Consequently, Sarah describes herself during making as an instrument to the process which she is involved in but ultimately not controlling herself. For example, Sarah feels “surrounded by the wheel” which is in turn not a distant tool but an extension of herself. Sympathetic to the things around her, the environment she works in is extremely important, to the point that she feels to be created by her tools. Likewise, Sarah considers making as an act of self-creation and recreation, since each completed piece embodies her disposition: A piece obviously reflects the posture during making, the height of the wheel, which distance she takes, or the strength she applies. But at a more subtle level, Sarah experiences in the material and outward transformation a simultaneous, immaterial, and inward change.

The need for a completed transformation, the bridge between inner and outer, the sympathy towards oneself and in extension to the world around, and the experience of duration can all be seen as aspects of a healing approach that affects the inner being in unison with the outer manifestation in the created piece: After having survived a terrible accident, Sarah found in clay a way to transform her life within a continuous making practice.

sincerely engaged

My interpretation of Sarah’s work is replenished with Bergsonian terms. This is certainly rooted in my own interest in Bergson, but beyond that, his philosophy of creation does fit Sarah’s work extremely well for two reasons: First, Sarah attempts to bridge the gap between herself and the clay by not working the clay from the outside but from within the clay — seeking in Bergsonian terminology for sympathy with the material. Second, creating in such a sympathetic state, Sarah connects deeply with the material at hand and thereby establishes a bridge between the inner and outer world. This spiritual and sincere approach to making is essentially modernist — fitting the times of Bergson who was active in the late 19th century and the first half of the 20th century.

This turn to modernist approaches in Sarah’s work is not a particular but general development. With the end of postmodernism, maybe most explicitly stated by the retrospective in the Victoria & Albert Museum in 2011/12, the discussion on our current cultural disposition brought forth the notion of metamodernism. Metamodernism describes our culture as an oscillation between a modernist sincerity and a postmodern irony. Timotheus Vermeulen and Robin van den Akker, who have established metamodernism as understood today, associate metamodernism with story, engagement, sincerity, craft, and care (see their talk at A New Dawn from 2013) — which amounts to a blueprint for Sarah’s work which is obviously rooted in craft: While Sarah incorporates material from other people and refers to traditional forms — as in case of her tableware described before, she is not applying strategies like pastiche or collage in a postmodern manner; instead, she integrates the material into a coherent story to precisely overcome the ruggedness of our daily lives. Engagement and care are central to her work, both as a topic to be reflected upon and as a way of creating, when she is for example teaching at community workshops. And the sincerity in Sarah’s work is rooted in her belief that care can heal and better our lives.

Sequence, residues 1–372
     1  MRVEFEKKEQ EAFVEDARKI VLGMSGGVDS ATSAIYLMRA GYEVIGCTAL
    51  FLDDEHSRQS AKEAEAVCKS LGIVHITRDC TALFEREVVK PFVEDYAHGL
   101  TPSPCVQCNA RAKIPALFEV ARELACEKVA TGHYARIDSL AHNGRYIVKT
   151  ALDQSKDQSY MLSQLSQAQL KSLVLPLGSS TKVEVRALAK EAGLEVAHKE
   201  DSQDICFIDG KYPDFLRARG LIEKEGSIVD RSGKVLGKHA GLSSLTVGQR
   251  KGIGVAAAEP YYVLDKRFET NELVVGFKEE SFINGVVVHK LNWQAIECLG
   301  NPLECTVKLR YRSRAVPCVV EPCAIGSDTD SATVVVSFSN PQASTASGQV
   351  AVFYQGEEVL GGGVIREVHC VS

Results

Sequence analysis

The pictures below have been taken during a summer afternoon when Sarah has been creating a series of pots related to skin care, inspired by a late Minoan jar Sarah has discovered at the Ashmolean Museum. This jar was probably used for mixing oils and perfumes for ritualistic purposes. Taking this jar as a prototype, Sarah is creating a large jar together with an assortment of smaller vessels, each following the shapes of a plant used in skin care essences. Asked about this project, Sarah is much more careful in her words, not knowing what the project is really about until she has completed it to discover what she has done. However, the topic of care is obvious, and reflecting about it, Sarah recognizes this project as a more personal continuation of the tableware sculptures where she has incorporated the vision of care of so many other people. In any case, the principal lines of her artistic approach are well visible in this project: Sarah works here with traditional forms, neither simply adopting nor caricaturing them, but instead employing them for her ends as a rich language at her disposal, emphatic with the tradition but rooted in a very personal approach; also the topic of skin seems to be significant, as skin is mediating between the inner and outer, just as care and healing are central to Sarah as a core motivation driving her art.